“Joe Biden hooks up with bad dog breeder,” read the headline in yesterday’s Baltimore Examiner — or at least in its online version. The story beneath the headline doesn’t substantiate that at all. Read more »

Kennel where Biden bought dog is cited

The Pennsylvania kennel where Vice President-elect Joe Biden bought his German Shepherd puppy was cited for records violations days after he picked out the dog.

After a regularly scheduled inspection on Dec. 10, four days after Biden picked out his 3-month-old puppy, the Wolf Den Kennel  was cited for a record-keeping violation and failure to produce records of rabies vaccinations, according to state records. Each citation carries a fine of $50 to $300.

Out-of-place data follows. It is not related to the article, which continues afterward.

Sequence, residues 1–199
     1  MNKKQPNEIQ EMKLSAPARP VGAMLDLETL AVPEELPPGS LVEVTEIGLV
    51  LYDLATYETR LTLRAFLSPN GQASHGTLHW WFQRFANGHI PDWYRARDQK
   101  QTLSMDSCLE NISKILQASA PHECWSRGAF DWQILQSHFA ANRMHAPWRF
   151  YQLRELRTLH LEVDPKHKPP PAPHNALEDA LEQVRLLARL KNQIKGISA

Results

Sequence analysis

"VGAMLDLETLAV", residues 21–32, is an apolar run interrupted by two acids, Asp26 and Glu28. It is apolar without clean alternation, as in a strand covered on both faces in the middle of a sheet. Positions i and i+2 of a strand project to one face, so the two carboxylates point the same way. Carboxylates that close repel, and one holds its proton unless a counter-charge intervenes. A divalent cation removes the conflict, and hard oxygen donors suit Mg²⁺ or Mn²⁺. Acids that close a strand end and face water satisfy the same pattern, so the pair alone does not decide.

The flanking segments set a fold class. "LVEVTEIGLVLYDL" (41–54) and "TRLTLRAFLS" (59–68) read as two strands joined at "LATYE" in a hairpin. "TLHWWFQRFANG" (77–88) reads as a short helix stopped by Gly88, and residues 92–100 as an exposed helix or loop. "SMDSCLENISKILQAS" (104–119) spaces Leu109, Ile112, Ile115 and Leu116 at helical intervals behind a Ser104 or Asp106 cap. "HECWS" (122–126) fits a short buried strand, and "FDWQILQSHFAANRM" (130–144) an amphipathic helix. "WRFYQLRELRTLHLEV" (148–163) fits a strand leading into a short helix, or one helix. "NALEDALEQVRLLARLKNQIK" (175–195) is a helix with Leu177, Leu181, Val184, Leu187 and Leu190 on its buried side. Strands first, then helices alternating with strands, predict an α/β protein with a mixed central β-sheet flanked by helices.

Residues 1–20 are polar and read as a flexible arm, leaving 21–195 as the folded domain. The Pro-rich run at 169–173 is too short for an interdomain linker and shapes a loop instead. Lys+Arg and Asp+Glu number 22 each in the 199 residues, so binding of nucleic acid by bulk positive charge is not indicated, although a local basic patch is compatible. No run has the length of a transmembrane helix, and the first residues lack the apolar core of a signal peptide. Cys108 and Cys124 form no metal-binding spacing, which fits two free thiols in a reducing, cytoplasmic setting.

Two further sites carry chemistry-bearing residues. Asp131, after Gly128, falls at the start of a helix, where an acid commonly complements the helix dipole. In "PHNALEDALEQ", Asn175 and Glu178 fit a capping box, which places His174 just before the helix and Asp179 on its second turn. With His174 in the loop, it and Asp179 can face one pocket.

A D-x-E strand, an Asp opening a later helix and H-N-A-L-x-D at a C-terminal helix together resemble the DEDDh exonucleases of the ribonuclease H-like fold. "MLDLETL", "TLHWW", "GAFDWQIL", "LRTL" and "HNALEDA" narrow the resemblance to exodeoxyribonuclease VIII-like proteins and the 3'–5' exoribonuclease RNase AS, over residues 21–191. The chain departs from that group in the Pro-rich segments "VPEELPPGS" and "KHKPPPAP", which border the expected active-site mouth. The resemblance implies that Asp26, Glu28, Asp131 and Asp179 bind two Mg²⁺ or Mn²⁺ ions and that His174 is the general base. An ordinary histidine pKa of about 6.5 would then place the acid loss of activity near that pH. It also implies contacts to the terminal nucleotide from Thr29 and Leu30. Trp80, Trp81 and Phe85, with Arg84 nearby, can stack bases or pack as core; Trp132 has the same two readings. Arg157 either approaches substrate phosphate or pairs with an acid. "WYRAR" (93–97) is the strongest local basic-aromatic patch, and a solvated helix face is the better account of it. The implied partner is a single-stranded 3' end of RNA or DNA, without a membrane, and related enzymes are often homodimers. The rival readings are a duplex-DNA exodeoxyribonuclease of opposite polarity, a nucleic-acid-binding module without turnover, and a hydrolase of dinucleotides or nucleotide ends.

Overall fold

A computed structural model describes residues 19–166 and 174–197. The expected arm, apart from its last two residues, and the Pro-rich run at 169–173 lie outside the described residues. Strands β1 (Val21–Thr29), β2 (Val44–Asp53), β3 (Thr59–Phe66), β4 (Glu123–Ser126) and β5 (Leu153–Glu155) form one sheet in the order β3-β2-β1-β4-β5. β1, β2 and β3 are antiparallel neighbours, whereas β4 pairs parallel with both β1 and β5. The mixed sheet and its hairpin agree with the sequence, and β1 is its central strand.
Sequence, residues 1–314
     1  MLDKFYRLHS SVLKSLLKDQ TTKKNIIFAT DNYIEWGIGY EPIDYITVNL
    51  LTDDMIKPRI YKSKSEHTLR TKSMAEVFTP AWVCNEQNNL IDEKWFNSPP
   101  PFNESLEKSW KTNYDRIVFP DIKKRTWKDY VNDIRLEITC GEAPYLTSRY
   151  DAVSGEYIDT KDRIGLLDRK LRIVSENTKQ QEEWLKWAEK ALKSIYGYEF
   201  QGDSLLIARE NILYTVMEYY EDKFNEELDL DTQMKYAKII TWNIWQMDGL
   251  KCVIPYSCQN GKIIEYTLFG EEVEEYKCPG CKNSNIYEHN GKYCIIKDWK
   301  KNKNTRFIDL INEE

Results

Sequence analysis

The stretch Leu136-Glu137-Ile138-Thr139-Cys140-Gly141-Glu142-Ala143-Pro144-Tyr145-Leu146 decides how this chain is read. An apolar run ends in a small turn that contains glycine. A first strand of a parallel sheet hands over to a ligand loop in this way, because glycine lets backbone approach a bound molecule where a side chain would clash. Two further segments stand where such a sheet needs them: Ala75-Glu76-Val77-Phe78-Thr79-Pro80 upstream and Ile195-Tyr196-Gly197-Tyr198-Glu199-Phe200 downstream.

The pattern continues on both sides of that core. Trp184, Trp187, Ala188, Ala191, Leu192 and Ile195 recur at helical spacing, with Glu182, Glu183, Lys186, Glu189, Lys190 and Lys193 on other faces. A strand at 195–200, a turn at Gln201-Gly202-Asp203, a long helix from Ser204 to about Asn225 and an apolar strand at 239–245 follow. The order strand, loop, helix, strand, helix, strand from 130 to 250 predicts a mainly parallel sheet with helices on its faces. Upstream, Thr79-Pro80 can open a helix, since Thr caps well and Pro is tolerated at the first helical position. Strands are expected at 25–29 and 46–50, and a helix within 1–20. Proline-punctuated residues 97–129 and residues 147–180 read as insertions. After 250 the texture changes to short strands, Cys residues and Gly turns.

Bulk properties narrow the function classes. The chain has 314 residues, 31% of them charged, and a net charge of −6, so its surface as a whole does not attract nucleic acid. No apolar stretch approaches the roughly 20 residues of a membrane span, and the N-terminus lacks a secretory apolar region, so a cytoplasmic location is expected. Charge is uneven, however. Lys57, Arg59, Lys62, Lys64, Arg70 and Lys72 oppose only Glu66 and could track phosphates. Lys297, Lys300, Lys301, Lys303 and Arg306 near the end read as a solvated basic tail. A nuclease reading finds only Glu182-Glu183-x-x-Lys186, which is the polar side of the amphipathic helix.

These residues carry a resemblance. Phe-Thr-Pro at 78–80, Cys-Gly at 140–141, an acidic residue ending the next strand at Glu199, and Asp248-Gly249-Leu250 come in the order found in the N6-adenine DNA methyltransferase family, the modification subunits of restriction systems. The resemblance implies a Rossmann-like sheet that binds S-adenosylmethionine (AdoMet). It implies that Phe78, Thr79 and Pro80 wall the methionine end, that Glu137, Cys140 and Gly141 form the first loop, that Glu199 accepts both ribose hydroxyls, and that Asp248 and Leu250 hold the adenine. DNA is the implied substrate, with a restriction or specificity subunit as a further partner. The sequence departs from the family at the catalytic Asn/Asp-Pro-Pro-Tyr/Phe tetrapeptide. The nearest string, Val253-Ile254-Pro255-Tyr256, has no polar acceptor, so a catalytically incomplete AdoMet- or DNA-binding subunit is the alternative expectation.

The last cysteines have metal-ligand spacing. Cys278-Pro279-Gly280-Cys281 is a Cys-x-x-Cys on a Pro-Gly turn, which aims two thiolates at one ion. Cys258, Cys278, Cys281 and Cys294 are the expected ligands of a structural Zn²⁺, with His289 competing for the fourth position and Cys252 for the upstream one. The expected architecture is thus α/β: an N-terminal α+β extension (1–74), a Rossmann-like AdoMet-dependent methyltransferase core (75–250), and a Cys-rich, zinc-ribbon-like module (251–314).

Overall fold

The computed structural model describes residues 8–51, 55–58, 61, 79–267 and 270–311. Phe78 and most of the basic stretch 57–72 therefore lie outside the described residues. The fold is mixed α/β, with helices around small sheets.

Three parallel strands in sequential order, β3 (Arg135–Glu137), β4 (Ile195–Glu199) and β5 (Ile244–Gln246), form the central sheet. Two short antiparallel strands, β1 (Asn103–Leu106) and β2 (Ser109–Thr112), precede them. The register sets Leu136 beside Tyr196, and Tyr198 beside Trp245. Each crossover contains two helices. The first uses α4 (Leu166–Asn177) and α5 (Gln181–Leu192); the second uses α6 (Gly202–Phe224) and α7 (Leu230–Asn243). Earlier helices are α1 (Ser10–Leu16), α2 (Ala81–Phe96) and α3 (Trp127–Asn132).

Linda Brown, who also operates the kennel in Chester County as Jolindy’s German Shepherds, said she had never before been cited, and said the records in question were accidentally tossed out when the kennel cleaned up in preparation for Biden’s visit.

“We went in there and cleaned everything up and I didn’t even think about it,” she said. “How many times does the vice president visit? Maybe once in a lifetime?”

Brown said she had since gotten copies of the rabies vaccinations and given them to state officials.

Call off the “attack dogs”

   What do Joe Biden, Mitt Romney and Rudy Giuliani — to name just a few — have in common?
   They’ve all been called “attack dogs” this week, so often that the phrase — in addition to reinforcing notions of dogs as vicious — has become a fairly major political reporting cliche, if it wasn’t one already